Sunday, March 20, 2016

Supreme Court Rejects Private Suits
to Challenge Medicaid Rate Reductions

One of the areas of healthcare affected heavily by the Great Recession beginning in 2007 was Medicaid reimbursement. Cash-strapped states, in an attempt to alleviate budgetary issues, reduced Medicaid provider reimbursement rates. These rates often fell below the actual cost of care to the providers themselves, which in turn limited the ability of providers to provide care and Medicaid beneficiaries to access care. In response, healthcare providers challenged these rate cuts using a provision of federal law that requires states that accept Medicaid funds to “assure that payments . . . are sufficient to enlist enough providers so that care and services are available under the plan at least to the extent that such care and services are available to the general population of the geographic area.” [1]

Over the years, providers have mounted challenges to rates using this provision – referred to colloquially as Section 30(a) – with varied results as the law itself change over the years. With the decision in Armstrong v. Exceptional Child Center, Inc.,[2]  in March of 2015, however, the U.S. Supreme Court effectively ended the use of Section 30(a) as a viable means to challenge reduced reimbursement rates.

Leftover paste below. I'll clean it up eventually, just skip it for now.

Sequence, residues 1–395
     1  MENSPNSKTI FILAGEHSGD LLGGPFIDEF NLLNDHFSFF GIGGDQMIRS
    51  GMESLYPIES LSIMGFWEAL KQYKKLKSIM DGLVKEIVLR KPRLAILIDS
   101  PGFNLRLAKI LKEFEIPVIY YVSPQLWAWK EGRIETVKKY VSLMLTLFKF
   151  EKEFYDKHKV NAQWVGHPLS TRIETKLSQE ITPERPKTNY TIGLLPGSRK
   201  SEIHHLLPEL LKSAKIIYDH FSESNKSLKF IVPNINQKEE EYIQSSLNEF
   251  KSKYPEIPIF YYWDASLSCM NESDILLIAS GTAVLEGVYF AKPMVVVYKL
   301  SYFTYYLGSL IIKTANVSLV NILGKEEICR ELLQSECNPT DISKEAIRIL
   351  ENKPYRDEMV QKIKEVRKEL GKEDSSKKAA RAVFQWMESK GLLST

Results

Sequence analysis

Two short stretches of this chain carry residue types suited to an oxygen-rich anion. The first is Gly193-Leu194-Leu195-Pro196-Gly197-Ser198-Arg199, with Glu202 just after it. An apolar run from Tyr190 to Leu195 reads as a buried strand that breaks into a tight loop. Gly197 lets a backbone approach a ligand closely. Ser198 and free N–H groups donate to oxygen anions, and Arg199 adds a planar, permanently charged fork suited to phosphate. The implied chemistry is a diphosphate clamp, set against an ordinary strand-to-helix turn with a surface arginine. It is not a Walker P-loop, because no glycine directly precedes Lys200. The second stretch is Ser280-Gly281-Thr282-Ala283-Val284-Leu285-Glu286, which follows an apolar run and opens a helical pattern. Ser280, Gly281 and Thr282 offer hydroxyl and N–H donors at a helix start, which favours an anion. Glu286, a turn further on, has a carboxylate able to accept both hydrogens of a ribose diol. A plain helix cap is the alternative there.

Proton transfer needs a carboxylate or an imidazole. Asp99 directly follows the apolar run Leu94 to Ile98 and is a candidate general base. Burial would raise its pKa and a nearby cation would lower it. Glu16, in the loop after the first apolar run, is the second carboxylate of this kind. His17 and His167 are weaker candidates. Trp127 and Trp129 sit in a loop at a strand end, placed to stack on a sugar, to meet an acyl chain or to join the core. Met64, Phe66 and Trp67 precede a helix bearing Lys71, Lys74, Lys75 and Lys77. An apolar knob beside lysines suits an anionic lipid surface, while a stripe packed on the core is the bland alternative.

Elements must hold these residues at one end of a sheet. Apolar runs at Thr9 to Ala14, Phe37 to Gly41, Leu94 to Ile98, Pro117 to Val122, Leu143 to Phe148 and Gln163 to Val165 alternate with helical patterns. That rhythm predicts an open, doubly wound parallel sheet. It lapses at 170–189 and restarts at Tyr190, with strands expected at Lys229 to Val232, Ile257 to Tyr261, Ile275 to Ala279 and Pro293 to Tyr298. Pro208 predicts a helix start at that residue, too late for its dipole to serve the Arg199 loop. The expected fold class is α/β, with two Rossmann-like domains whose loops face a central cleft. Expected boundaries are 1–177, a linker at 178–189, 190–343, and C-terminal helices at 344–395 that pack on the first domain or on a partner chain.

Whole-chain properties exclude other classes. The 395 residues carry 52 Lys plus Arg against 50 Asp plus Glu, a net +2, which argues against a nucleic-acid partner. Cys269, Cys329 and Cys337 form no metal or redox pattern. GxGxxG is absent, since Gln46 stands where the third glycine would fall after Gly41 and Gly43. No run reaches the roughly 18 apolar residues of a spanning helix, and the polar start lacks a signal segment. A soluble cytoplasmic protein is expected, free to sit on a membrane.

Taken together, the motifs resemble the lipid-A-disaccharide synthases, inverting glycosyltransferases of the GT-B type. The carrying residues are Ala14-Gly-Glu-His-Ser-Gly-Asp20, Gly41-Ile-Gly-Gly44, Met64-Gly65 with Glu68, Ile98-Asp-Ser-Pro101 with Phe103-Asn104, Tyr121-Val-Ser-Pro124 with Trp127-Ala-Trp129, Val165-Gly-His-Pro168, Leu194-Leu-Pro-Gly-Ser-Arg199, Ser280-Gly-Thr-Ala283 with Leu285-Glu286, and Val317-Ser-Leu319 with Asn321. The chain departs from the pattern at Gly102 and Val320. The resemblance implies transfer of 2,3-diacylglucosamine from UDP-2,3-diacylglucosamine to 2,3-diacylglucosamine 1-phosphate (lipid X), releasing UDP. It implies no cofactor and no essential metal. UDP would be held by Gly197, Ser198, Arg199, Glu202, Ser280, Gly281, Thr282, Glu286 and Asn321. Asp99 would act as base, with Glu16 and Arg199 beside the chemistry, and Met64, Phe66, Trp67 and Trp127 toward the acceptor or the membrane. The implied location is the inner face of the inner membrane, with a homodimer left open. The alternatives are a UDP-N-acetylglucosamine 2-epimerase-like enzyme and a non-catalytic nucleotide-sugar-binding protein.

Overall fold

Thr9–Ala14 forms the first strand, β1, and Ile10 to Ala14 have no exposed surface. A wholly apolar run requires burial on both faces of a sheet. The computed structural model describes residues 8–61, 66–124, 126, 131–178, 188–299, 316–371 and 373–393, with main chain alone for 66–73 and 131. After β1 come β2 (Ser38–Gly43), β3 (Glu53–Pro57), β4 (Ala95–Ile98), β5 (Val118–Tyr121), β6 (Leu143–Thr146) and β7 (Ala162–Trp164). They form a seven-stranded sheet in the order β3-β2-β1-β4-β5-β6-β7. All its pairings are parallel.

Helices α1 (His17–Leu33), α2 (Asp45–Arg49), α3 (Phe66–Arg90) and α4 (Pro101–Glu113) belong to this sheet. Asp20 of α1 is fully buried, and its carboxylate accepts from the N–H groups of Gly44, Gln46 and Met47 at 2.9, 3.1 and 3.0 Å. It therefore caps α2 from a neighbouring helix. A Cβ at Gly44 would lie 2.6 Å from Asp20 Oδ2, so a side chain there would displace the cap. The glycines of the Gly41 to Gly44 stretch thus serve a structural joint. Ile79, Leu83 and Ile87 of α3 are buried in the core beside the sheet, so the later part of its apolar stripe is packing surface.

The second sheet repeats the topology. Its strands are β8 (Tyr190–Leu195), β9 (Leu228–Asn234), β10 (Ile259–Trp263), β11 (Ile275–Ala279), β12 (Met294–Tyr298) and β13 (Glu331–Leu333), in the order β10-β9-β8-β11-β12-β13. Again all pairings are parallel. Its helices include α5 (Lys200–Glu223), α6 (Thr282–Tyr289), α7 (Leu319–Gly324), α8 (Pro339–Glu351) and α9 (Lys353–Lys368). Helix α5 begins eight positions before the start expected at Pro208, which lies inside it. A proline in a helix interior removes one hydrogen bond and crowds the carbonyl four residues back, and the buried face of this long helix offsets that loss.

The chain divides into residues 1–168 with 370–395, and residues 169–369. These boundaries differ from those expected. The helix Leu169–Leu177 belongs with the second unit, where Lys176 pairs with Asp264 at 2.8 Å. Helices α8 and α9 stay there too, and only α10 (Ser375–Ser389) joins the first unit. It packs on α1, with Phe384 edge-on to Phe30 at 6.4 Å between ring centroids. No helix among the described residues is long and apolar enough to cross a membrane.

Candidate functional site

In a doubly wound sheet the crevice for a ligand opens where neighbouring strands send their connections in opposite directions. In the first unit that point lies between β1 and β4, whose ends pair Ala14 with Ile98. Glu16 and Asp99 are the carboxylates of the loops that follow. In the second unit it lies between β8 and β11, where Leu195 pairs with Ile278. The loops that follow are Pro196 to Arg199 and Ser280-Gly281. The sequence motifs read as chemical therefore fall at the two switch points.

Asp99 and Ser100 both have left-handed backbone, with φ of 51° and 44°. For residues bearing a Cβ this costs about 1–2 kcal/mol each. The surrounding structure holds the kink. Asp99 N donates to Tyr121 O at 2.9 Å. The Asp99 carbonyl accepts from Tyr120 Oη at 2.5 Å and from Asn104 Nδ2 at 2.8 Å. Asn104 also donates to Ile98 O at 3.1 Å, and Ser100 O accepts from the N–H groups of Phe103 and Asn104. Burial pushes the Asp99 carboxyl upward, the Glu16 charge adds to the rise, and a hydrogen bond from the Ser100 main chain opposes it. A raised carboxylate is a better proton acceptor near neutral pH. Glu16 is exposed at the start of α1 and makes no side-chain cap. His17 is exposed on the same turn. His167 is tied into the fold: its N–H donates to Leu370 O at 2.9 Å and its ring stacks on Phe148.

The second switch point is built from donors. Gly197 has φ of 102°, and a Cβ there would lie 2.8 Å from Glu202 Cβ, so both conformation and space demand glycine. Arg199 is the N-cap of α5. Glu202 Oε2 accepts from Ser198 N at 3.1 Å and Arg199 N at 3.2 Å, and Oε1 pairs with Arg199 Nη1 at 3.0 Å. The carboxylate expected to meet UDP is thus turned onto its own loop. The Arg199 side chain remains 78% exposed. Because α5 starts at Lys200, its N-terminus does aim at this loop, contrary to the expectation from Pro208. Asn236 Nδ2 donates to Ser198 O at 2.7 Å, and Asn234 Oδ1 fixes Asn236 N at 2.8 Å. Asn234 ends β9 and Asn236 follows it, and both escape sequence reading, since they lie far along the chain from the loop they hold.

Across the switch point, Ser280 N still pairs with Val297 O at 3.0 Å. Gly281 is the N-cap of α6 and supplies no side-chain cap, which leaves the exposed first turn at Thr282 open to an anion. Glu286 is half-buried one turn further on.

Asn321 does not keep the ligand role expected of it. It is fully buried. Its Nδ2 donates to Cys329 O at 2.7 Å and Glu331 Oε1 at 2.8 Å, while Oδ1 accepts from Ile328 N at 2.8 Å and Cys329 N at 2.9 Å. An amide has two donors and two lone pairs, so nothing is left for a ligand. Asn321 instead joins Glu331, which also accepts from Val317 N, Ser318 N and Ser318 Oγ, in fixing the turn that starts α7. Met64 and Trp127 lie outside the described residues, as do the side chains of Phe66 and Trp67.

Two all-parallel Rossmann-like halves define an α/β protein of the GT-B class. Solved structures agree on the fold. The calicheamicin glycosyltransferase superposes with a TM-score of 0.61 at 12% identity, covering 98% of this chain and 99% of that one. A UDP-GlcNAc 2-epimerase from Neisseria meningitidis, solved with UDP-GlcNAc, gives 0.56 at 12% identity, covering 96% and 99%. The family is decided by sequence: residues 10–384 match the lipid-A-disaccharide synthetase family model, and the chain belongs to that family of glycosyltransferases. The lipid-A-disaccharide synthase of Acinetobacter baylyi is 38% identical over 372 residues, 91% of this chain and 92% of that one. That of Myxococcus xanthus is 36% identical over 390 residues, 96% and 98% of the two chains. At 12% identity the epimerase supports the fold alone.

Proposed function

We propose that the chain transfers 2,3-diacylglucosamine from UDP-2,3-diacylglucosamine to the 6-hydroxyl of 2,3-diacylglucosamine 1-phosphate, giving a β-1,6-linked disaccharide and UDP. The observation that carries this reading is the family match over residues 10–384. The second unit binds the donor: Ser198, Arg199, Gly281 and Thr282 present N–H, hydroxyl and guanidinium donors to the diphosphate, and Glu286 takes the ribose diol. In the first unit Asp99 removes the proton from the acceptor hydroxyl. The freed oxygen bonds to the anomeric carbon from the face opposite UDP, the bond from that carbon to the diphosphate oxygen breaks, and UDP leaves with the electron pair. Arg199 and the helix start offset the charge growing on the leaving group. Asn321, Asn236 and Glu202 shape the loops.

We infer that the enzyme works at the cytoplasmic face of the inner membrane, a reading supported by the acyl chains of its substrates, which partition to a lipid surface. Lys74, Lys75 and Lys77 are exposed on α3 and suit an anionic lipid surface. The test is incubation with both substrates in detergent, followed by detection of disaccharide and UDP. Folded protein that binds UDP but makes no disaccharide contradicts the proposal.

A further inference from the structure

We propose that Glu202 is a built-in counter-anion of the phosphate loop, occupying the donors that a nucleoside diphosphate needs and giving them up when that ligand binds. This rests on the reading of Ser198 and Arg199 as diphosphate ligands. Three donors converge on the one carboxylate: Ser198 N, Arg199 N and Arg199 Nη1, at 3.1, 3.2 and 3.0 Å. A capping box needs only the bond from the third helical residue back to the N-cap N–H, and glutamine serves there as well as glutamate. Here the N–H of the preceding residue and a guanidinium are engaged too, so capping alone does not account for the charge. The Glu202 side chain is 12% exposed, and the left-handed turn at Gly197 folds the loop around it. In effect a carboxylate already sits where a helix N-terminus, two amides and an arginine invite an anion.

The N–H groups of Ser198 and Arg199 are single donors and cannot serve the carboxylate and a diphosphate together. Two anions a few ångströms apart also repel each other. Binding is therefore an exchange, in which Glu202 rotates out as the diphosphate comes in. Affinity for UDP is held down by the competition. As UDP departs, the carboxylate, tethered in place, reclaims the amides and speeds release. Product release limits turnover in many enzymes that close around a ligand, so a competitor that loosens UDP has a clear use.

The central question in Section 30(a) jurisprudence is whether private suits by providers can be brought, and under what legal theory. A brief discussion of the background of Section 30(a) cases is warranted, therefore.

In 1981, Congress changed the applicable language in the Medicaid Act in what became known as the “Boren Amendment” to provide states with flexibility in setting reimbursement rates. Congress later amended Section 30(a) further to include the language quoted in the first paragraph, which, along with the Boren Amendment, became the basis for a multitude of rate challenges. In the case of Wilder v. Virginia Hospital Association,[3]  the U.S. Supreme Court determined that the Boren Amendment conferred on providers a private cause of action under Section 1983 of the Civil Rights Act. Congress later repealed the Boren Amendment, and a further Supreme Court case, Gonzaga v. Doe,[4]  laid the foundation for circuits to reject Section 1983 suits predicated on Section 30(a) challenges. Providers then began searching for a way to continue challenges, settling on the Supremacy Clause as a means.

In March of 2015, the Supreme Court finally settled the question of enforceability of Section 30(a) in Exceptional Child Center.  A plurality of the court held that providers may not use Section 30(a) as the basis for a private right of action. A majority of the court held that the Supremacy Clause does not give plaintiffs a private right of action and that providers cannot sue in equity to enforce the provisions of Section 30(a). The majority held that the Supremacy Clause is more of a rule or decision as to which law prevails, not a way for individuals to sue states that do not comply with federal law. The majority also found that Congress intended to preclude suits based on private enforcement of Section 30(a), rather than merely fail to provide a means to sue under the law.